Preventing Drug Misuse in Your Community
The opioid crisis continues to impact urban and rural communities across the nation, with overdose deaths quadrupling in the last two decades. The National Institute on Drug Abuse (NIDA) reports that more than 130 Americans die every day from opioid overdose.
While the opioid crisis gets the lion’s share of public attention, opioids aren’t the only problem in the U.S. today. Alcohol claims approximately 88,000 lives every year. Deaths associated with cocaine and methamphetamine are also on the rise.
There are no easy answers or miracle solutions to problem of alcohol and substance use disorders in our society. However, a few committed people working together can make a difference.
Like anyone reading this article, for instance: even you.
Bringing People Together
If you’re a member of a community organization, you already have a group of caring, hard-working folks you can enlist to help your friends, neighbors, and family members with issues around alcohol and drugs. If you’re not the member an existing group, you can join forces with a local service club or organization such as the Scouts, 4-H, Rotary Clubs, or civic/philanthropic organizations unique to your area.
Putting together a campaign to address alcohol and substance use disorder in your community is a big job, but it’s worth both your time and energy. A group of interested citizens can combine resources, share responsibility and accountability, and create a sense of commitment while doing vital community work and building friendships along the way.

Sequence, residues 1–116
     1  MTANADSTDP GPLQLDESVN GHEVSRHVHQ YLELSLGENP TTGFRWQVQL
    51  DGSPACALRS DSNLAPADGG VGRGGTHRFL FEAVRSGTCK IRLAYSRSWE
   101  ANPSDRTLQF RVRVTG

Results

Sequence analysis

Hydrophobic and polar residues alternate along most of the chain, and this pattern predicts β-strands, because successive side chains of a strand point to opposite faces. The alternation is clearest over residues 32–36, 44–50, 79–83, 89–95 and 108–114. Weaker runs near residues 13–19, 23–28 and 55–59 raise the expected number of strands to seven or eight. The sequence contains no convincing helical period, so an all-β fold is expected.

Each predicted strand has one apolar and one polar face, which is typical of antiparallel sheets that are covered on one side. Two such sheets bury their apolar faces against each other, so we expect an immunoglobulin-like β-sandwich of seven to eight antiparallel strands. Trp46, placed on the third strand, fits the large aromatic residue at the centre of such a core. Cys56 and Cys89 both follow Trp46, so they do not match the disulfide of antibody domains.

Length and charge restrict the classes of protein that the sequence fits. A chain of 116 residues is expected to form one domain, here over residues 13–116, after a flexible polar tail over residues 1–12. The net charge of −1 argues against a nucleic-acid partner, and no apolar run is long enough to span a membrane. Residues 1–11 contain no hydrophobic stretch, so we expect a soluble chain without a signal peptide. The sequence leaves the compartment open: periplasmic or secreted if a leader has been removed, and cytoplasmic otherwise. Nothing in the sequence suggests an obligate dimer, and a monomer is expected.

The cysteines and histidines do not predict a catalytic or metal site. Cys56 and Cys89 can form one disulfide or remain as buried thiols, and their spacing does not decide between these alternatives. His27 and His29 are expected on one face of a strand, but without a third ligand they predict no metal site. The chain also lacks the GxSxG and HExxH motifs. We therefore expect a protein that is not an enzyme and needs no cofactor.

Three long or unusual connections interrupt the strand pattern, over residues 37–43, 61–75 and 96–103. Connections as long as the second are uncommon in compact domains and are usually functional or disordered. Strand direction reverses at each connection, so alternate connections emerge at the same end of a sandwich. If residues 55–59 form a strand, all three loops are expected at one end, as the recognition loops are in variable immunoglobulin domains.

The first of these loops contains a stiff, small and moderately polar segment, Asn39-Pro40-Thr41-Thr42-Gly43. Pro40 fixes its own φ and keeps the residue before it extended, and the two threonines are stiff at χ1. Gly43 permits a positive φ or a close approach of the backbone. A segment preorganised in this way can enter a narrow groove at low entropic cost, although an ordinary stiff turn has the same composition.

It’s a good idea to include young people in community groups, not merely as tokens, but as valued contributors. Teens are smart, capable, and savvy: offer them positions of responsibility and let them share their ideas and knowledge.
They’re also energetic, which can be a big help.
The organization you create should be inclusive and include anyone interested or in a position to offer assistance. First on your list should be educators and local government officials, followed by medical providers, first responders, religious organizations, treatment providers, and local businesses.
Understand the Risks in Your Community
Before you can help, you must understand the problems that are specific to your community.
Shatterproof, a national non-profit organization, suggests that communities consider factors such as availability of drugs, community laws and norms regarding drug use, and relevant socioeconomic issues.
Also, it will help save time to research current official alcohol, drug, and tobacco policies in your area, as well as school programs sponsored by your local school district or after-school programs at places like Boys and Girls Clubs of America or the YMCA.